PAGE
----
In the parable of the Great Supper the people had been invited well in advance and their silence implied they were coming to the feast. Only when everything was ready and the servant went to get them did the truth of the matter come out. The people had been twice called. In the Matthew version it was a wedding feast that these people were rejecting. Nurturing relationship and honouring one another took a back seat to mundane interests of the individuals. Community, hospitality, trust and friendship held no great significance to the first invited.

Deuteronomy 20:5-8 lists building a new house, planting a new vineyard and being engaged as reasons why a man may not enter into battle in case he dies. He is expected to establish ownership of his assets first before someone takes them out from under him. These people who have refused to come to the banquet are trying to justify their spurning of this great invitation based on this text.

They are saying “I don’t have to because the scriptures say you can’t make me.” Indeed, Judas Maccabaeus, leader of the Jews from 166-160 B.C. , also used this Deuteronomic text when he was seeking soldiers to defend the sanctuary against invaders (1 Maccabees 3:56).

At first blush we think that this situation is different – a banquet is not a war. However, this banquet is calling them to die to selfishness and sin. It is calling them into rest, peace and joy. It is calling them to trust that everything will be alright for them to take this life-affirming and rejoicing pause, for, life need not be one long tug-of-war.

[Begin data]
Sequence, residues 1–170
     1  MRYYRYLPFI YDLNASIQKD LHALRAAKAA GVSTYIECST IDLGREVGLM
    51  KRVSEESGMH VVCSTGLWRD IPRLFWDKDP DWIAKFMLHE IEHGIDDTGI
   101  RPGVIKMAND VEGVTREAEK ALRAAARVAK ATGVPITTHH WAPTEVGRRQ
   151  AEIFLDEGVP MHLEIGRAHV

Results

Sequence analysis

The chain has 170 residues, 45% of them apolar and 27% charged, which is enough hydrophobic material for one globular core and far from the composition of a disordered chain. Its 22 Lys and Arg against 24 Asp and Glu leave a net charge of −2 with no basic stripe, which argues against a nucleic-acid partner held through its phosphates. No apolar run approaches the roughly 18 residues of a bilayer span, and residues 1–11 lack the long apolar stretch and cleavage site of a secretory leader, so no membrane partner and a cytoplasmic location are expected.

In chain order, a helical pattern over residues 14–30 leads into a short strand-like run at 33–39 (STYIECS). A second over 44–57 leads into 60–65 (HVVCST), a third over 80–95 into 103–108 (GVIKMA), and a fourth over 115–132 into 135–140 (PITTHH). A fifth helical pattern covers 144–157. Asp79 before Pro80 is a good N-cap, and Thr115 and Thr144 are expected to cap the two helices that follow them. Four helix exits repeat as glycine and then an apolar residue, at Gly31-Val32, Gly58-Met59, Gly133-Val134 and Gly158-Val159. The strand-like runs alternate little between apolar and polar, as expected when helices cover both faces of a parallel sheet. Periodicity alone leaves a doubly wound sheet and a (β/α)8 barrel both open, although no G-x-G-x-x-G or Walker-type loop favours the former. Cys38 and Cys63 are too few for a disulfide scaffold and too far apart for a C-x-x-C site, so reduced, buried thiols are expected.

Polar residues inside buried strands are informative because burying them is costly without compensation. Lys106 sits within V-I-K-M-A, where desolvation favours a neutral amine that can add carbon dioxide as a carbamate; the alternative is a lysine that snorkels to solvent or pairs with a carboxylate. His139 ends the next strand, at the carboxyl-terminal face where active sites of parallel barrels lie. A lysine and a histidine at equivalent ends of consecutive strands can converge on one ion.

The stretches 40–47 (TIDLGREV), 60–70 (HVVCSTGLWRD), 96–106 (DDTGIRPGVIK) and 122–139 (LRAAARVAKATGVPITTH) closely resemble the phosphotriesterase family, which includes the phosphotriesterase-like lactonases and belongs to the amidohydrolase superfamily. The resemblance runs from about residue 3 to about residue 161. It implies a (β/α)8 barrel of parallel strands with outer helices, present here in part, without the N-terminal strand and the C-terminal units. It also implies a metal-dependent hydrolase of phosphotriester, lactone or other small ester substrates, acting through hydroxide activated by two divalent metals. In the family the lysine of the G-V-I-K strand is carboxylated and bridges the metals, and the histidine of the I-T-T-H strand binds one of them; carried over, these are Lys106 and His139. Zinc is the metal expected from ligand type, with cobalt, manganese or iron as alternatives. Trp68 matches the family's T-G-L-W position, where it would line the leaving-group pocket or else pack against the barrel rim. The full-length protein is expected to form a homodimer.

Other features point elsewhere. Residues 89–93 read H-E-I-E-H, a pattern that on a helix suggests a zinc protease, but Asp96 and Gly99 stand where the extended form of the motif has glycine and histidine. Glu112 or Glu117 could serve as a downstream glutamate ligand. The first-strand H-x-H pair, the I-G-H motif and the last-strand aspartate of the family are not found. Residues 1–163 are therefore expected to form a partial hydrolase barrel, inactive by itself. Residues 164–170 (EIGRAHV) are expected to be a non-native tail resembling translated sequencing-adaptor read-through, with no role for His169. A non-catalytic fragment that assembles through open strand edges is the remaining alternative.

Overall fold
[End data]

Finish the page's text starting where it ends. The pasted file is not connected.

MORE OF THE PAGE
We are being warned against worldly concerns which lead us to miss what is far more important. Recall Luke 14:26, 27: “If any man come to me, and hate not his father, and mother, and wife, and children, and brethren, and sisters, yea, and his own life also, he cannot be my disciple. And whosoever doth not bear his cross, and come after me, cannot be my disciple.” We are talking about eternal divine principles.

We cannot serve two masters. We will hate the one and love the other. God’s equations and plumb lines always ring true. God’s wisdom is far greater than all our contrived doings. Jesus also reminds us not to be worried for tomorrow for tomorrow will take care of itself. We are to feast in God’s peace.

Even though the initial telling of this parable brings into sharp relief how the Jewish people are symbolically represented as the first invited to the banquet, this principle holds true for all of us. At any given time we may play the part of the first invited and neglect the honour in which that entails. Even though many Christians are Gentiles and are represented here as the people collected from the highways and the byways to come to the banquet, we still play a part as the first invited if we have had the privilege of growing up in a Christian home, a church-going home.  Other ancient cultures are held to the same principles–you know who you are.

We become complacent in our relationship and forget to hold precious that which we have. We take our relationship with God for granted. We take goodness and peace for granted. The next thing we know, we have lost it all. Someone else has gone to the party, to the wedding feast of the Lamb of God. The door has been shut and we are banging on the door but we are not acknowledged.